Ben receives a hefty ‘signing bonus’ from Mullens, and starts renting a ludicrously expensive apartment in a complex called ‘The Brokerage’, where he wakes each day after noon and ‘self-medicates’ until dawn. So far, too good. The plot moves to Serbia in the second act, where the absurdities and tensions mount. The fact that the narrative is framed squarely through Ben’s eyes means that many of the possible faults with the novel – the underdevelopment of Clio, his girlfriend, or the comedically caricatured depiction of Serbia and its people – can be seen as by-products of Ben’s skewed perspective, and in so, true to the reality of his story.
If the Serbian characters in the novel are caricatures, then ‘The Lads’ – Mullens’s business cadre of dapper Dublin dunces – don’t fair much better; they exist in the novel as a kind of homogenous interchangeable entity, the Large Adult Sons let abroad, replete with creatine muscles, frosted nostrils, BESS degrees and inherited financial bulwarks. Behind The Lads stand The Dads – a line-up of Irish captain-of-industry types cut from the mould of Sean Quinn and Seán Fitzpatrick – whose part in the whole affair may be more complex than it seems.
One of the things truly interesting about White City is that it is a deeply compelling novel constructed primarily out of clichés. Power manages to make these familiar elements operate in new, satisfying ways.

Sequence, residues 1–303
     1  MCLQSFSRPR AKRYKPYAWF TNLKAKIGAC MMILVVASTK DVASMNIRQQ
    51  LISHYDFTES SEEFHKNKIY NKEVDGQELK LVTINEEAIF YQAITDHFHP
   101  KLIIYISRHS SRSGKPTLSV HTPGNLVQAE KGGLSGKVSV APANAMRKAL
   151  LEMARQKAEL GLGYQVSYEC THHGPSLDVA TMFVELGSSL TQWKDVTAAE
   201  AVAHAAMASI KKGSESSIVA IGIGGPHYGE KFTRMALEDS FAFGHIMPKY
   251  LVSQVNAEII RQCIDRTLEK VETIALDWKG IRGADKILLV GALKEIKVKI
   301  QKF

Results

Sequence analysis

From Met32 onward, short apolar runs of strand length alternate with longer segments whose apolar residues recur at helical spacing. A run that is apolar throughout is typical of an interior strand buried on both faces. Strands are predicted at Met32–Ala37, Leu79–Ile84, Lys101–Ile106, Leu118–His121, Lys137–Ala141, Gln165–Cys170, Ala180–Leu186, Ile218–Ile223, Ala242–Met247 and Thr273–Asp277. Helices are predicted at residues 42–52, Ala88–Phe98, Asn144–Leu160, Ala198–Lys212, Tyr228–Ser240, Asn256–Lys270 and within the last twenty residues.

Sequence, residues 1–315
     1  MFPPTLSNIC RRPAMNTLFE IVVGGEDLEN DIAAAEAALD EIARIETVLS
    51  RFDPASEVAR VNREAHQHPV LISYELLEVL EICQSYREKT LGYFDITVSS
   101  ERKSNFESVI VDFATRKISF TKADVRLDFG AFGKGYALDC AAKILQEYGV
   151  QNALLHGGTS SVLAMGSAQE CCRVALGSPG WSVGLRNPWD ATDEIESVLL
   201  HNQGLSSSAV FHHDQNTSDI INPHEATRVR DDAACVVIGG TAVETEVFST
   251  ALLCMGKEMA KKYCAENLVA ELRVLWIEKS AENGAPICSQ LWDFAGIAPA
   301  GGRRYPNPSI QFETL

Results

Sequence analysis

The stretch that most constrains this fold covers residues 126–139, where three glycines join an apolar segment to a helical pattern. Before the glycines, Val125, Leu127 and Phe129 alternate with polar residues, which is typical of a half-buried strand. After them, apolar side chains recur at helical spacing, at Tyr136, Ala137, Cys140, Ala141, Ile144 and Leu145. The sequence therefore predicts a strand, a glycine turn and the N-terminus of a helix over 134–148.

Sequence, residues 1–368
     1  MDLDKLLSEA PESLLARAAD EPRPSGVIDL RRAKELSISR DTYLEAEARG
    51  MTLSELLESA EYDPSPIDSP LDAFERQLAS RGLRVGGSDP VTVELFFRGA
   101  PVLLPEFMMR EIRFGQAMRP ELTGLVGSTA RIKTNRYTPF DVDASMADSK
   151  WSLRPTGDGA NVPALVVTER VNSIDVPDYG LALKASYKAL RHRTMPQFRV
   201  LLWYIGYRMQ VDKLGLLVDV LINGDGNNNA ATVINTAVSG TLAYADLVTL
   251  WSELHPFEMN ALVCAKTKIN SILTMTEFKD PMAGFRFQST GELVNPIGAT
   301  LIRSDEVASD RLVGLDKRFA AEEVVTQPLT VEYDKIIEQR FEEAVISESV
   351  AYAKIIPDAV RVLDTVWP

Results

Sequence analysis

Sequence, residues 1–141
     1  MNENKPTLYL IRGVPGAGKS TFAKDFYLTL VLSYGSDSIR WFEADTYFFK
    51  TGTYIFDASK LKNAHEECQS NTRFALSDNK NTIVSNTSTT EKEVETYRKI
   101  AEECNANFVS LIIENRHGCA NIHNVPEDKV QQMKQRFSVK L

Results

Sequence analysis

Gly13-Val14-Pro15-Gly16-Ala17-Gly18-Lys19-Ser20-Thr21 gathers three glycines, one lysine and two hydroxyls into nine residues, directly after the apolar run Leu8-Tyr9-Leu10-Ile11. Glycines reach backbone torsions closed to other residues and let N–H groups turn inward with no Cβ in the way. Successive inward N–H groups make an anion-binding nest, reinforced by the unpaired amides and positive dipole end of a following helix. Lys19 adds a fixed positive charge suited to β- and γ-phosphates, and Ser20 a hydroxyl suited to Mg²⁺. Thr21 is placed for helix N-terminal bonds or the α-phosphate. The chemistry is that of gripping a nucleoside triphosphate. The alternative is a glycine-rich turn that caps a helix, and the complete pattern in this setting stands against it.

The style of Power’s writing shines in his awareness of the aesthetics of Ben’s world, channelling that aesthetic through Ben’s use of language and imagery.
Night skies resemble ‘a black cloth, webbed with diamante-stud stars like a cheap debs dress’, in Serbia, as he looks to the mountains ‘a low horizon of saw-toothed peaks charted its blunt NASDAQ of booms and busts.’ The book is also, notably, hilarious. Power’s control over tone, delivery, and the slow release of paragraph’s energy are masterful. There’s an exuberance in the fevered density of the text that shows a writer enamoured with what language can do.
One of the things that makes Ben such a compelling character – and so profoundly frustrating—is his determination to remain unaware of the facts, to stay out-of-the-know. It’s fascinating how Power has so seamlessly woven this intricate plot together, while allowing the reader to be guided by a narrator who is relentlessly, wilfully ignorant of what is going on around him.
White City is one of the best Irish novels of the decade, a novel deeply of the decade that produced it. It is, at its centre, a novel of familial disintegration, with the putrid morals of corporate, nihilistic capitalism as its core, marbled with rich veins of empathy, heart and humour.
Stephen Reid works as an Assistant Editor with New Island Books and as a Sales Agent with Brookside Publishing Services